Statement from Sen. Berger on Latest Federal Judge Rebuke of the State Board of Elections

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Raleigh, N.C. — Senate Leader Phil Berger (R-Rockingham) released the following statement on Judge William Osteen’s rebuke of the North Carolina State Board of Elections:

“When Roy Cooper took extraordinary measures to ensure his absolute control of the elections process, concerns were expressed about what that would mean when it came time for his partisan appointees to administer Cooper’s re-election contest. Now we know — they will cut corners, bend rules, and ignore judicial findings. Today Gov. Cooper’s hand-picked Board of Elections was again rebuked by a federal judge, this time for accepting as valid absentee ballots that clearly violate witness requirements in North Carolina law.

“The Board continues to flagrantly violate election rules that bipartisan supermajorities in the legislature passed many months ago. The Board must immediately correct course and fully implement the absentee ballot witness requirement to ensure confidence that our election process is being administered fairly and consistent with the law. Legitimate questions are being raised about what this may mean when they actually start counting ballots.”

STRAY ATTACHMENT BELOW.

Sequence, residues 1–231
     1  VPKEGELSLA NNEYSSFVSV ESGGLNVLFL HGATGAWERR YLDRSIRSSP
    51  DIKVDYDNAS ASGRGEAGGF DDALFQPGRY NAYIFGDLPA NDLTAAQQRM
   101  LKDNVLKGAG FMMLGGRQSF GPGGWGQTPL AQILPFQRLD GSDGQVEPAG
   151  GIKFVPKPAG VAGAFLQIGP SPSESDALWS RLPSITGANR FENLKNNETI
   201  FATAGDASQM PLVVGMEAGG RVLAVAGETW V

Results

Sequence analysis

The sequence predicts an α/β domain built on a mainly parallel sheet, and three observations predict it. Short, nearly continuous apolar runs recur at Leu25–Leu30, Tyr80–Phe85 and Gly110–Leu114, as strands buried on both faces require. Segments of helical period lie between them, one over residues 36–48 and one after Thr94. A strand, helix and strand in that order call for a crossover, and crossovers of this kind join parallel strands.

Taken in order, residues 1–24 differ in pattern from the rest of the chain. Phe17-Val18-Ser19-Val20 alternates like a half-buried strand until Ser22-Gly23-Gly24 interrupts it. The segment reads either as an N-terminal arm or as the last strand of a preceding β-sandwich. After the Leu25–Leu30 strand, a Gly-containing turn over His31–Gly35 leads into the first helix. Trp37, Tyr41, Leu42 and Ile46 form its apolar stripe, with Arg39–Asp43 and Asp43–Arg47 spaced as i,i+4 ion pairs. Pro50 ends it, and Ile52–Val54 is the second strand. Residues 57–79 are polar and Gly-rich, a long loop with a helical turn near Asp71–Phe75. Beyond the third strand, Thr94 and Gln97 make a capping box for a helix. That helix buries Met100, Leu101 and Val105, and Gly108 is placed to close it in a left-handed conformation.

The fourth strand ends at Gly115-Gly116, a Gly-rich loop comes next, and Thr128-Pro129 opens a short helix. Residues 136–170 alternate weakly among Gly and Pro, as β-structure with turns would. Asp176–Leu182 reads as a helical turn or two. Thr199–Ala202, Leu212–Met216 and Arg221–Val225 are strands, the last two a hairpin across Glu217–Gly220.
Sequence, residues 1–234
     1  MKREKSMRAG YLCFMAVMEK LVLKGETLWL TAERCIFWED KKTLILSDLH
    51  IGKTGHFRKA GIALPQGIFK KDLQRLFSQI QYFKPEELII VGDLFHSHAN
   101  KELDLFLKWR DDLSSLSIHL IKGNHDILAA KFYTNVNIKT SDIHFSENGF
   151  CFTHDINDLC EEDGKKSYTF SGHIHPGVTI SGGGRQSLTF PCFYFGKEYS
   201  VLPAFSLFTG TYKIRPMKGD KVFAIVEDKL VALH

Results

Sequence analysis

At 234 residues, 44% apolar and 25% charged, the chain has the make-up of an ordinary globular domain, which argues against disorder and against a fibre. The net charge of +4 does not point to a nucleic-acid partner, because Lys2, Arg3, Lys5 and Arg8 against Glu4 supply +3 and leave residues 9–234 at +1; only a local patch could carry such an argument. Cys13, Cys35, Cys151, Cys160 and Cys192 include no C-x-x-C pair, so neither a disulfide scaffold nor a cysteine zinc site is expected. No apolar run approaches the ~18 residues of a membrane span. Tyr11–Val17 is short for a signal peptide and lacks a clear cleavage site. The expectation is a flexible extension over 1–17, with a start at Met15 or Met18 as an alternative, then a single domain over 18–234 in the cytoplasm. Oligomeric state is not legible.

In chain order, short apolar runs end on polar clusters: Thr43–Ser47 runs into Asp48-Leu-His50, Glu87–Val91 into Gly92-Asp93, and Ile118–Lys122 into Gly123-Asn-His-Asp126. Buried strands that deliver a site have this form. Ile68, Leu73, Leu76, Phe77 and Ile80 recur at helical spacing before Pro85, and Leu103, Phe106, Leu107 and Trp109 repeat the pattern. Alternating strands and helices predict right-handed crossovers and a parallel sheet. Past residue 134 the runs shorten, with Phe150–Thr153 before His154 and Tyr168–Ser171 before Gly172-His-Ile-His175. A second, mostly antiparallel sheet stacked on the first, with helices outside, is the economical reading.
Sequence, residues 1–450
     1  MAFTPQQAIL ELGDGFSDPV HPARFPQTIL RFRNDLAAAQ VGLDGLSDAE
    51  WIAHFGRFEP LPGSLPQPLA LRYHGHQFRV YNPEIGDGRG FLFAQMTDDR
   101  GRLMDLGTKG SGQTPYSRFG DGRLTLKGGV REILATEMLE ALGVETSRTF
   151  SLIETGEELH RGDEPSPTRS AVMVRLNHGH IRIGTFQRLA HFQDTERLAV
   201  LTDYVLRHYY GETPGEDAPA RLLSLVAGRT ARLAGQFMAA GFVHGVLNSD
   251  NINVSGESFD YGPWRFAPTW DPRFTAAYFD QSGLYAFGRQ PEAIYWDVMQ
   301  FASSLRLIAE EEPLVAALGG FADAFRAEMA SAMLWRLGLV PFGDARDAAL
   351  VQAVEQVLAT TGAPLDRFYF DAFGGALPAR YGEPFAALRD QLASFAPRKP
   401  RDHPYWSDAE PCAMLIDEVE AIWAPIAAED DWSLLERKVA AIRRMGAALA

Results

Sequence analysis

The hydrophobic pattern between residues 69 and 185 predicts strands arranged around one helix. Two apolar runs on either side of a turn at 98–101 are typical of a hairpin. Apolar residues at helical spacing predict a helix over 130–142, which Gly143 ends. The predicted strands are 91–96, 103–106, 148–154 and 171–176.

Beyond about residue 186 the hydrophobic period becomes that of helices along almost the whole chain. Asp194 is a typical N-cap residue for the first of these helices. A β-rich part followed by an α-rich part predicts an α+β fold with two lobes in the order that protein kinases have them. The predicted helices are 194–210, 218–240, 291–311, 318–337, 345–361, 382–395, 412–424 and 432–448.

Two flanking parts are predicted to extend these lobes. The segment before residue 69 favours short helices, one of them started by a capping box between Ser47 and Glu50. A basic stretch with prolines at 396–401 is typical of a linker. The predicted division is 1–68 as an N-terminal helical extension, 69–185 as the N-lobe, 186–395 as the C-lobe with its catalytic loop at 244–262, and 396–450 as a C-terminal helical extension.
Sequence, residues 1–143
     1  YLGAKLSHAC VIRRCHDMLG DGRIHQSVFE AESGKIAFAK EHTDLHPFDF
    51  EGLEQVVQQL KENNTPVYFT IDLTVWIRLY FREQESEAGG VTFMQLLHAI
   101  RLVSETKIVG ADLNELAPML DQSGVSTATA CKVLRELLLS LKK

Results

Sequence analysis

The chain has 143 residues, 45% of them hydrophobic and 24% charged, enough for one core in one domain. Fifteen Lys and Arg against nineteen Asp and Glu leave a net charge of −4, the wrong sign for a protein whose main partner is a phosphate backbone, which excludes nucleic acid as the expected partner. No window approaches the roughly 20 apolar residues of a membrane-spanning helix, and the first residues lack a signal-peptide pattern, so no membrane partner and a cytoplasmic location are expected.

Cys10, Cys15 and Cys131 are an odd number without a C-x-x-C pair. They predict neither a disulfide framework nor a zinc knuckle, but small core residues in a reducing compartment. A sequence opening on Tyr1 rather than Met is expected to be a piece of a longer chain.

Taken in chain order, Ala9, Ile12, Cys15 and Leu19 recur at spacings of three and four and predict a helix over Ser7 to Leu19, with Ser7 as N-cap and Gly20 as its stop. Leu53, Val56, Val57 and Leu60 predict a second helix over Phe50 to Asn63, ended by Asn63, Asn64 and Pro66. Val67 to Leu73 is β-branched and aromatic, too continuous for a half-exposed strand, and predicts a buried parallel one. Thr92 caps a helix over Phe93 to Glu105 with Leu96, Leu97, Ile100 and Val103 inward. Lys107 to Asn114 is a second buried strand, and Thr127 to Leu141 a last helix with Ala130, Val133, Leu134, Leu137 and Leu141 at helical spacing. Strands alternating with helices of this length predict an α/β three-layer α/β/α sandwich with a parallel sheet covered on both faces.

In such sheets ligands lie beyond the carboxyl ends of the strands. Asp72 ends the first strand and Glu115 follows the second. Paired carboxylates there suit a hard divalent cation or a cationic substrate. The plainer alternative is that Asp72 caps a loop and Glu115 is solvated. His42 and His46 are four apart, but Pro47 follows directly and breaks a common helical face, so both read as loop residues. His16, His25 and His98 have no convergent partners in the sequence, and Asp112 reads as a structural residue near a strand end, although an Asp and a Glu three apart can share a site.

Here are key excerpts from Judge Osteen’s order:

  • “… [T]he denial of relief should not be misconstrued as this court’s approval of the actions of the North Carolina State Board of Elections. To the contrary, for the second time in this case, this court has serious concerns about the conduct of the North Carolina State Board of Elections. As will be explained, based on the evidence presented, this court finds that the State Board of Elections is permitting at least two county boards of elections to undermine and contravene the requirements of the law of the state of North Carolina, H.B. 1169, in accepting and processing absentee ballots without the minimal witness information required by that statute.”
  • “… [N]ew information came to light as absentee ballots with illegible witness signatures were allegedly cured without any witness name or address.”
  • “This court therefore finds as a fact that under the guidance and supervision of the SBE, county boards of elections are accepting and processing absentee ballots after providing notice and an opportunity to be heard, as well as a related cure procedure, for ballots that do not include the statutorily required name or address of the witness — and in some circumstances, for ballots containing no information which might enable direct identification of the witness. This court further finds the local boards of elections are not collecting missing witness information before accepting and processing these ballots.
  • “The witness requirement statute in H.B. 1169 very clearly details the requirements for acceptance of an absentee ballot. To accept and count an absentee ballot in a manner contrary to those requirements violates state law. A ‘cure’, even if part of Due Process, may not be used as a shield to avoid compliance with state law which requires the presence of a witness at the marking of a ballot.”
  • “Although this court finds that the SBE’s guidance is in compliance with Due Process, the evidence before this court compels a finding that the cure procedure used does not comply with state law.

The official Medium account for N.C. Senate Leader Phil Berger’s press office.

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